an integrated circuit timer having an input adapted to receive an electrical signal to initiate timing and having an output adapted to produce an electrical output signal upon completion of a predetermined time interval;
electrically-actuated means connected to said smoke detector and sensible signal producing means and operable in alternate modes to permit or to prevent a sensible signal from being produced in response to sensed smoke;
means for latching said electrically-actuated means in its signal preventing mode;
momentary-contact switch means in said housing coupled to said timer and said latching means for producing said timer input signal and for actuating said latching means; and
means connected to said timer output and said latching means for deactivating said latching means at the completion of said time delay and thereby reactivating said smoke detecting and sensible signal producing means.
2. A smoke alarm device according to claim 1 including temperature responsive means in said housing operable during said time interval to override said control means and to afford actuation of said signal-producing means in response to smoke.
3. A smoke alarm device according to claim 2 wherein said power supply is contained in said housing and including a circuit connecting said power supply to said smoke detecting and signal-producing means, said electrically-actuated means including a relay connected in said circuit and operable to open said circuit during said time interval.
4. A smoke alarm device according to claim 3 wherein said temperature responsive means is connected in said circuit in parallel with said relay and in series with said smoke detecting means.
5. A smoke alarm device according to claim 4 wherein said relay has normally-closed contacts completing said power circuit, a coil operable to open said contacts when energized, and solid-state means operable in response to said timer output signal to shunt said relay coil after said time interval.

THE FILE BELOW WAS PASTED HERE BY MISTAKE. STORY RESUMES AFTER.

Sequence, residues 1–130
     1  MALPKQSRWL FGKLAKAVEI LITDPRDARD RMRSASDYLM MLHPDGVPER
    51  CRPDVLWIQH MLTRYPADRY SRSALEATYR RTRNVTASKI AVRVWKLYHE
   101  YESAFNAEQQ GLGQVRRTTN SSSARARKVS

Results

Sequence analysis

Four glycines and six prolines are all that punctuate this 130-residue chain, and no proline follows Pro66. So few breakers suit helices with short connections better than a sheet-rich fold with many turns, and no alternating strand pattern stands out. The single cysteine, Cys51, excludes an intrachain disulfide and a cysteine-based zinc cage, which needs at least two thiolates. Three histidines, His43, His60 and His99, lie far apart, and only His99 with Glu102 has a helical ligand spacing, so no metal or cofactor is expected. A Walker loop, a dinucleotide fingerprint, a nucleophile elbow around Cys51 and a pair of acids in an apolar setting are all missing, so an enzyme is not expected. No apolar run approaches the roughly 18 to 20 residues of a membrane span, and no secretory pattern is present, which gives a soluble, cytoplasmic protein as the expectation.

6. A smoke alarm device according to claim 5 wherein said relay has a common terminal and normally-open and normally closed contacts associated therewith, and said power supply means includes a first battery having one terminal connected to said timer, to said common relay terminal and to said momentary contact switch, said momentary-contact switch being connected to said normally open relay contact, to said relay coil, and to said timer, whereby power is supplied to the timer and relay coil during said time interval.
7. A smoke alarm device according to claim 6 wherein said power supply includes a second battery connected in series with said one battery, with said smoke detector and alarm producing means, and with the normally-closed contact of said relay.
8. A smoke alarm device according to claim 7 including a thermal switch connected in series with said smoke detecting and alarm producing means and said second battery.
US06122654 1980-02-19 1980-02-19 Smoke alarm having temporary disabling features Expired - Lifetime US4313110A (en)

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Cited By (41)

* Cited by examiner, † Cited by third party
Publication number Priority date Publication date Assignee Title
US4383251A (en) * 1981-10-01 1983-05-10 Perelli David E Timed smoke detection
EP0122433A1 (en) * 1983-03-23 1984-10-24 Nohmi Bosai Kogyo Co., Ltd. Residential fire alarm system
US4567477A (en) * 1983-06-15 1986-01-28 Cormier Laurent L Smoke detector switch indicator
US4600314A (en) * 1984-10-26 1986-07-15 Theriault George E Smoke detector cutoff timer
US4679037A (en) * 1985-12-16 1987-07-07 Horace Bryan Attachment for smoke alarms
GB2203581A (en) * 1987-04-15 1988-10-19 Jack Y C Chen Fire and/or burglar alarm system